Recipes for Alternative Pesticides

While organic growers prefer to use no pesticides, there are times when it is a choice between no crop or using some form of poison. Some of these, such as Bacillus thuringiensis, are specific to a particular organism and harmless to man and pets. Many are very toxic and should be used with caution. The reason these latter materials have found favour with organic growers is that they break down to non-toxic materials in the garden. Until they have broken down, exercise caution with these materials.


Where ants and cockroaches are a problem, mix equal parts of borax and icing sugar. Place in shallow containers in the cupboards where these pests are a problem. This material is very poisonous, so take precautions to keep away from children.

Bordeaux Mixture

This is the copper spray used to prevent fungal disease of fruit trees and also blight in potatoes. It must be used fresh.

Dissolve 100 gm of copper sulphate (bluestone) in 5 l of water overnight.

Mix 140 gm of slaked lime in 5 l of water and add to the copper sulphate solution. Stir vigorously and use straight away. Agitate during use.


Useful aphis killer. Toxic to most insects.

Steep 25 gm dried bracken fronds in 1 l of water for 24 hours. Strain and use 1 ml per litre.

Bug Juice

In the October 1976 the Rodale Organic Gardening and Farming magazine reported the use of 'bug juice' by a commercial farmer. He reported a cost saving of $5,000 per annum on his chemical bills and that after three years no further applications were required.

I kg of insects will treat 30 Ha.

Liquefy the bugs (slugs, caterpillars etc.) in a blender with about 1/3 the volume of water. Strain and use 4-5 ml per 100 l water.

Fermenting slugs after killing them with dry sugar also works. The dehydrated slugs are put in a container of water in a warm place for a few days, strained, diluted and sprinkled around the garden.

Various theories abound as to why this works: natural pathogens, attraction of predators, confusion of insect communication systems (they rely a lot on pheremones which are detected by smell).


This medicinal herb is used to control fungal diseases, especially mildews. Use the generic recipe under Herbs.


A 2% emulsion of Oil of Coriander is an effective control for red spider mites. To make an emulsion, use a little soft soap (potassium soap, 'Clensel', 'Safers' etc) in the water.


This is the brand name of Bacillus thuringiensis. In some places it is also available as 'Thuricide'. It is the dehydrated bacterium mixed with a little of the toxin (a stomach poison) that you are purchasing, plus a filler if it is a home gardeners pack. It is specific to caterpillars and completely harmless to other living things. It is expensive and can be made to go further quite cheaply. Mix a little of the powder in lukewarm milk and allow to stand for 24 hours. The bacteria multiply and a little of the mixture can be used to start a new batch. The effectiveness will probably decline over time, necessitating the start of a new batch from the pure culture.

Remember that Dipel, being a living organism, prefers cool, moist conditions in the garden to work best.

Derris (Rotenone)

This is a longer lasting insecticide than most organic sprays. It lasts for 48 hours rather than 24. It kills fish as well as most insects (including predators), so use it with care.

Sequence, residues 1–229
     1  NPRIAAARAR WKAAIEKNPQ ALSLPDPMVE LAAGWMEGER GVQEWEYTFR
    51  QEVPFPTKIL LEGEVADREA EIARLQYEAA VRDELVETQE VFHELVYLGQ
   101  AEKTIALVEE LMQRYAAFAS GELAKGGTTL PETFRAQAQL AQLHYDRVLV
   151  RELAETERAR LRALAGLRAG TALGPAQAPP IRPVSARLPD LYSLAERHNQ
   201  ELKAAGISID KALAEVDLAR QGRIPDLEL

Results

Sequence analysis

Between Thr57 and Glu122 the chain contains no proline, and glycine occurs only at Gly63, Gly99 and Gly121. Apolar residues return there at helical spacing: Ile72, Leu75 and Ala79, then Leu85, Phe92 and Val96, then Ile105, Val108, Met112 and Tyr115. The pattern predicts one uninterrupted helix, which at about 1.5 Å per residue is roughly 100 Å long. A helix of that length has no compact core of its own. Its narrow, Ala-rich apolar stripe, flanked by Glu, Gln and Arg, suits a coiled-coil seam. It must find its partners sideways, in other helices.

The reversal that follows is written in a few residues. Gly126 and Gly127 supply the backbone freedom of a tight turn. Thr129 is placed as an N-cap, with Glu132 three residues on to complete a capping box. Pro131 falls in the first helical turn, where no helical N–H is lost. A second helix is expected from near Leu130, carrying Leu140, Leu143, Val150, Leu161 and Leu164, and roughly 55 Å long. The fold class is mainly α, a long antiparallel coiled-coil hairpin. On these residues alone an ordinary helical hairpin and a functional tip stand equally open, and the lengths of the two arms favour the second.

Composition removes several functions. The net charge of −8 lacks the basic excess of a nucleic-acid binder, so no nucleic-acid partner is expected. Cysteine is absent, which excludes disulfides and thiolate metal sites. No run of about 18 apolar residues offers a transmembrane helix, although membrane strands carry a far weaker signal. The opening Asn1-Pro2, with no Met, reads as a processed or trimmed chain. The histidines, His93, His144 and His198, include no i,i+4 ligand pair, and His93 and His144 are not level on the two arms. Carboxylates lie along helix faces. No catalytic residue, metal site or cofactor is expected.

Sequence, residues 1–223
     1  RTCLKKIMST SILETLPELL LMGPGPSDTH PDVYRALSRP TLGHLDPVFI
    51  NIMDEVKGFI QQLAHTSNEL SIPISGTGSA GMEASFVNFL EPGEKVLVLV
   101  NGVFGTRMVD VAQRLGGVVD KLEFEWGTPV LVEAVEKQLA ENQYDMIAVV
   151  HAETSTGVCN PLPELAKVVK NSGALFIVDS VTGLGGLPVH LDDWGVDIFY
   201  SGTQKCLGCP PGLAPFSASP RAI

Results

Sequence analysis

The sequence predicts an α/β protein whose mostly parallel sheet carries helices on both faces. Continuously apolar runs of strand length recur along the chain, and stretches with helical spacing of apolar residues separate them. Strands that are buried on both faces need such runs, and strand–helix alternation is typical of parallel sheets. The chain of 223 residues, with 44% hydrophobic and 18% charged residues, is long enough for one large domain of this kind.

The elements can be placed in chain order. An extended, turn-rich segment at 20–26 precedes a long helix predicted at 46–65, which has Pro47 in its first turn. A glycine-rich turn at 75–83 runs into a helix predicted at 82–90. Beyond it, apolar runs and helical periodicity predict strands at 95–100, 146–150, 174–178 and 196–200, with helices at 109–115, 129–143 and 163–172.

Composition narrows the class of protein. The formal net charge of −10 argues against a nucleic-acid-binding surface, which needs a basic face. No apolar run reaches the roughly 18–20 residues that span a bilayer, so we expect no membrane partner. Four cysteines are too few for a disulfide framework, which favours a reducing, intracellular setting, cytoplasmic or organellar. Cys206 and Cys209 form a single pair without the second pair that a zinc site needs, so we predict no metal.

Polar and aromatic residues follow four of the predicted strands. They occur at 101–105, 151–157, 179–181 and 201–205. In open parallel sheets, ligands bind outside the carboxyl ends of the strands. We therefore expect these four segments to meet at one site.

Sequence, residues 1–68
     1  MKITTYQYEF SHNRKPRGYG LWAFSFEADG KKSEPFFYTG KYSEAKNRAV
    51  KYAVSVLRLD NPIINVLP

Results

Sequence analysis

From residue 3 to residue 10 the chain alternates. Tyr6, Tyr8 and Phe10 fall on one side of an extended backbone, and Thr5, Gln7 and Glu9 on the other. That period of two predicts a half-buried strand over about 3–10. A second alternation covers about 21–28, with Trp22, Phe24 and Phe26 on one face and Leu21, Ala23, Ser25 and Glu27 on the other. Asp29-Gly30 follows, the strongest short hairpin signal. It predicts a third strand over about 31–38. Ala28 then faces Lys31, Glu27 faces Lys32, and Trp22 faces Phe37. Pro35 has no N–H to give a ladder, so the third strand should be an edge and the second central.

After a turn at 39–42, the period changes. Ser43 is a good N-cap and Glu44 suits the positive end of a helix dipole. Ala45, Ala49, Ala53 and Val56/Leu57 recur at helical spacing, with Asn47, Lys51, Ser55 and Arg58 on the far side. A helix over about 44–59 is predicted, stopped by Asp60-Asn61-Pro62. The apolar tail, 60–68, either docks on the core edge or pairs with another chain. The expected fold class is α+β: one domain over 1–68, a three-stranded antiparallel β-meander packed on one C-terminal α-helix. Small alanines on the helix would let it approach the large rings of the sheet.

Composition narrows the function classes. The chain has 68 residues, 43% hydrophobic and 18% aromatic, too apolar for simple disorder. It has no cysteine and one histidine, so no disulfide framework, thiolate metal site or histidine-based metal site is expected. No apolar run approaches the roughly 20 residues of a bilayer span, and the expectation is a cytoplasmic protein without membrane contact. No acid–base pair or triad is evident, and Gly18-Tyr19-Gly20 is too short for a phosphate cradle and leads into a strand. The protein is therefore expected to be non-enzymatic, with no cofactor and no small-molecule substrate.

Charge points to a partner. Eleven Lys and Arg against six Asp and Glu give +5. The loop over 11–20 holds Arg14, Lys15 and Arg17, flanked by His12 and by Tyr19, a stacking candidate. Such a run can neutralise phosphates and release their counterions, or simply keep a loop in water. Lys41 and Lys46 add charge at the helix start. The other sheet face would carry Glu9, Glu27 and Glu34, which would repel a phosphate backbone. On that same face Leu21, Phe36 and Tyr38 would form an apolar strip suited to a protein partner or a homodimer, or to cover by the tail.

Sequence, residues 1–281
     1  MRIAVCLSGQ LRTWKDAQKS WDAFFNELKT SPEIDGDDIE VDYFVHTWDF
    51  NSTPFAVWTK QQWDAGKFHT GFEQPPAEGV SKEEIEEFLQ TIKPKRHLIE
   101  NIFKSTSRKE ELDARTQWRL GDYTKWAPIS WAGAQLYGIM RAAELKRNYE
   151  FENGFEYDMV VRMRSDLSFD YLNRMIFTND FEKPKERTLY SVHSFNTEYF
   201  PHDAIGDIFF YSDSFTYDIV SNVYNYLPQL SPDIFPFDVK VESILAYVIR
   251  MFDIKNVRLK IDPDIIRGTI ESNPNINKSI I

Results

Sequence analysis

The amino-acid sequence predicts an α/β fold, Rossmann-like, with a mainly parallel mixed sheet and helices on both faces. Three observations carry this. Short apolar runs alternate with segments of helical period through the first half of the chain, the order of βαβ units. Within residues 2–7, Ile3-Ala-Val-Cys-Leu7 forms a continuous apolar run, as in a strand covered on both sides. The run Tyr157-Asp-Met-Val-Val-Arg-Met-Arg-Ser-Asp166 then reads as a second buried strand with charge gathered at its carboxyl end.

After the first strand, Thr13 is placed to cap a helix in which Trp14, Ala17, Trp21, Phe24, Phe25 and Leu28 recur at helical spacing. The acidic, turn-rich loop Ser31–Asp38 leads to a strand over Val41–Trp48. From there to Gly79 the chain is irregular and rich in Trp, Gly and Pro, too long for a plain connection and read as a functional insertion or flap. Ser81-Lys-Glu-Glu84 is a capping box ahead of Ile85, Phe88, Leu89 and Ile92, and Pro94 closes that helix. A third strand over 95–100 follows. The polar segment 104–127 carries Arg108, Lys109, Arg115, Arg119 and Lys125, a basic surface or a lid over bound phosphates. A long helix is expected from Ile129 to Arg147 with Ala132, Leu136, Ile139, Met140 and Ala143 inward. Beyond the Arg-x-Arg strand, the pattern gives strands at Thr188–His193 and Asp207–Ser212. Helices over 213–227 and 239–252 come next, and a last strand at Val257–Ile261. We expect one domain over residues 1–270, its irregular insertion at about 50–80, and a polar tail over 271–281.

25 gm derris powder

50 gm potassium soap

10 l water

Dissolve soap in half of the water and derris in the other half. Combine the two solutions and use.


This is used as an insecticide and fungal control.

100 gm minced garlic

10 ml mineral oil

500 ml water

50 ml soft soap

Soak the garlic in the mineral oil for 2 days. Add the water and soap. Strain and store in a glass container. Use a 1% solution (1 part concentrate to 99 parts water).

Herbal Sprays

Many herbs can be used as insecticides and insect repellants. The formula to use is to just cover the fresh herbs with boiling water. Steep for 30 minutes. Strain and dilute with an equal quantity of water. As the potency of the herbs will vary depending on seasonal and other conditions, exact recipes are not possible. The addition of soft soap as a wetting agent will increase the effectiveness of these materials.

Wormwood, southernwood, tansy, chamomile, rhubarb leaves, ragwort, potato leaves and lantana are all worth trying.


Mosaic virus disease can be controlled with milk. Smokers should dip their fingers in milk before handling tomatoes and cucumbers.

Use equal parts of whole milk and water as a spray.

Rat Poison

A very effective rat poison, until the rats learn to exercise caution, which they invariably do, is as follows:

1 part cement

1 part flour

a few jelly crystals

The cement sets in their stomachs preventing further feeding. Another reputed sure-fire rat killer is Coca Cola. The rats bloat and die.

Slug and Snail Baits

The green slug baits contain metaldehyde. This material breaks down to water and carbon dioxide, but until it does, is very toxic and attractive to dogs, cats and birds. The ingredients are bran and metaldehyde, so they fall to pieces quite readily in the rain. A more effective formula is:

1 part metaldehyde

1 part limil

1 part cement

3 parts bran

This mixture lasts for a very long time indeed. Put the baits underneath boards, rocks etc. where the slugs hide at night.


Soap solution is an effective aphid killer. The best to use is potassium soap, also known as soft soap. Being a liquid, it is easier to dissolve. Two commonly available brands from most nurseries are 'Clensel' and 'Safers'. Use 100 ml per 2.5 l of water.

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Jonathan Sturm 2003 - 2011

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